Too Much port Area, how do I know?

Discussion in 'Amps and Cabs [BG]' started by rufus.K, Oct 22, 2015.


  1. rufus.K

    rufus.K

    Oct 18, 2015
    SoCal
    So Ive got this speaker cabinet. Its made by a well known brand, which I wont mention cos I dont want to hear why I shouldnt do this based on the brand... But it was/is a combo, one of their popular models with a 2ru airhead and one of their amps on top. Ive removed the head, and want to cut the air head off of it., make a standalone cabinet. No big deal there except hiding the surgery. While Im at it, Im thinking of adding another port/tube to it, to match the port area of another of their models with almost identical box volume. So how do I know, by listening to it, if Ive got tooo much free area in port volume. What are the basic characteristics of too much porting in reference to the sound I hear? I can and am willing to re-fill the hole if its just terrible in the end, as Im cutting the airhead off anyway. I like the cabinet well enough, but I really want to to do this for science's sake, and would like a little idea of what affect it will have, in general terms.
    I realize I could model the cab with software, or be actually scientific about this, but then we wouldn't have the opportunity to have this little chat, would we...
     
  2. seamonkey

    seamonkey

    Aug 6, 2004
    There's actually a lot of support for some WAC designs around here.

    Many of the real successful ones just turn out to match the science in the end.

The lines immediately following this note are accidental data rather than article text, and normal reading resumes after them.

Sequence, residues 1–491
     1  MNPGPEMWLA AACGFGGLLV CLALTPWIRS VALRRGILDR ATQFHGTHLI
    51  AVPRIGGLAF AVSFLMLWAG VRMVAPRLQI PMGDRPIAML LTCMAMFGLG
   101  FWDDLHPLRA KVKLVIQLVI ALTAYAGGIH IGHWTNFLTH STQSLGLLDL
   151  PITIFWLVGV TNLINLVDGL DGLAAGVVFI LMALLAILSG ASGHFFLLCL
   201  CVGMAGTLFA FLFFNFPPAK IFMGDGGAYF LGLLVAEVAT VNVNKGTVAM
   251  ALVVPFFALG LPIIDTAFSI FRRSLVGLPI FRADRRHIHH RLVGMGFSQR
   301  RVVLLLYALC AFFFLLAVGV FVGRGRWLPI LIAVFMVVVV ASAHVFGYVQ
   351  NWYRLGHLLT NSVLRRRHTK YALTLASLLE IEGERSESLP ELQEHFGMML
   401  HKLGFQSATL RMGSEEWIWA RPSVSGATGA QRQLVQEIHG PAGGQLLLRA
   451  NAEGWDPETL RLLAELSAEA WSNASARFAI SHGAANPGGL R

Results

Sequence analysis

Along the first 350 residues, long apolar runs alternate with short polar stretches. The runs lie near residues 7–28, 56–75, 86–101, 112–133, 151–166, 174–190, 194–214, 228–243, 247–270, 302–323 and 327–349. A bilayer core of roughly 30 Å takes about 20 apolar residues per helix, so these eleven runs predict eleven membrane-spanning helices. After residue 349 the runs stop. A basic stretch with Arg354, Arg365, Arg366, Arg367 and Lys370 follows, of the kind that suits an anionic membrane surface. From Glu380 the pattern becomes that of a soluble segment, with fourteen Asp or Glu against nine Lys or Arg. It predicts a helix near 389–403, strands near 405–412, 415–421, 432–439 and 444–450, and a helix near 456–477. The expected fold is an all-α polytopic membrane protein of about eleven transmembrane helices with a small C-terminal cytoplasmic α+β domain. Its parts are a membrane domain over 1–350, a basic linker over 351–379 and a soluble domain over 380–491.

Some give a big hump in the middle bass which fool a lot of people into thinking it has real bass.
    It's absolutely true that you can just ad hoc drill holes, and ad ports and you may find a sound you like better than stock. In your case since you can return to stock, I say give it a try.
    Follow some science guidelines like don't make the port to small that it chuffs. If you burn out a speaker or two by underloading it, well then you can buy a new and possibly better driver. Worst you'd be is out some bucks, and you'll have a learning experience. In the end you can return to stop design.
     
  3. rufus.K

    rufus.K

    Oct 18, 2015
    SoCal
    Does WAC stand for Without A Care?
    Its is ported to begin with, just not as large as another later model, so hopefully it wont chuff. So more port area will raise the tuning from lower to mid bass, if I understand correctly? Im hoping for more articulation, rather than depth, when Im done, and its paired with another box Ive got.
     
  4. Well... porting a cab is supposed to enhance bass response. Changing the porting changes the bass response. At some set of frequencies, the port resonance enhances the base response. Change the porting and you change the set of frequencies that get enhanced. You should be able to hear the enhancement change. Before, it was somewhat louder in one frequency range. After, it is somewhat louder in a different frequency range. Like seamonkey put it, there's a hump in the sound somewhere. Change the porting, and you change where the hump is. Adjust to taste.